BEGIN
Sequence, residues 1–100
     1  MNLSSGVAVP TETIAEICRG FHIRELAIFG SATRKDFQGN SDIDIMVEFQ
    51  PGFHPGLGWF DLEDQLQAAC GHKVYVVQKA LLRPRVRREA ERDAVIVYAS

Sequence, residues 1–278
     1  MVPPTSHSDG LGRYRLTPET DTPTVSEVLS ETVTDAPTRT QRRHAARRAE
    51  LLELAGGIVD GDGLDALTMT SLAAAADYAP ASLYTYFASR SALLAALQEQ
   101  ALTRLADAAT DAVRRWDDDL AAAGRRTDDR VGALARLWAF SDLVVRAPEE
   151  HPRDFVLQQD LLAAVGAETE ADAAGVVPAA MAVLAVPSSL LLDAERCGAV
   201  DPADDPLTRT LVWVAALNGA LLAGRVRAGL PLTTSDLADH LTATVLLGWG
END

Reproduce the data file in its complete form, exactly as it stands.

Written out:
Sequence, residues 1–100
     1  MNLSSGVAVP TETIAEICRG FHIRELAIFG SATRKDFQGN SDIDIMVEFQ
    51  PGFHPGLGWF DLEDQLQAAC GHKVYVVQKA LLRPRVRREA ERDAVIVYAS

Sequence, residues 1–278
     1  MVPPTSHSDG LGRYRLTPET DTPTVSEVLS ETVTDAPTRT QRRHAARRAE
    51  LLELAGGIVD GDGLDALTMT SLAAAADYAP ASLYTYFASR SALLAALQEQ
   101  ALTRLADAAT DAVRRWDDDL AAAGRRTDDR VGALARLWAF SDLVVRAPEE
   151  HPRDFVLQQD LLAAVGAETE ADAAGVVPAA MAVLAVPSSL LLDAERCGAV
   201  DPADDPLTRT LVWVAALNGA LLAGRVRAGL PLTTSDLADH LTATVLLGWG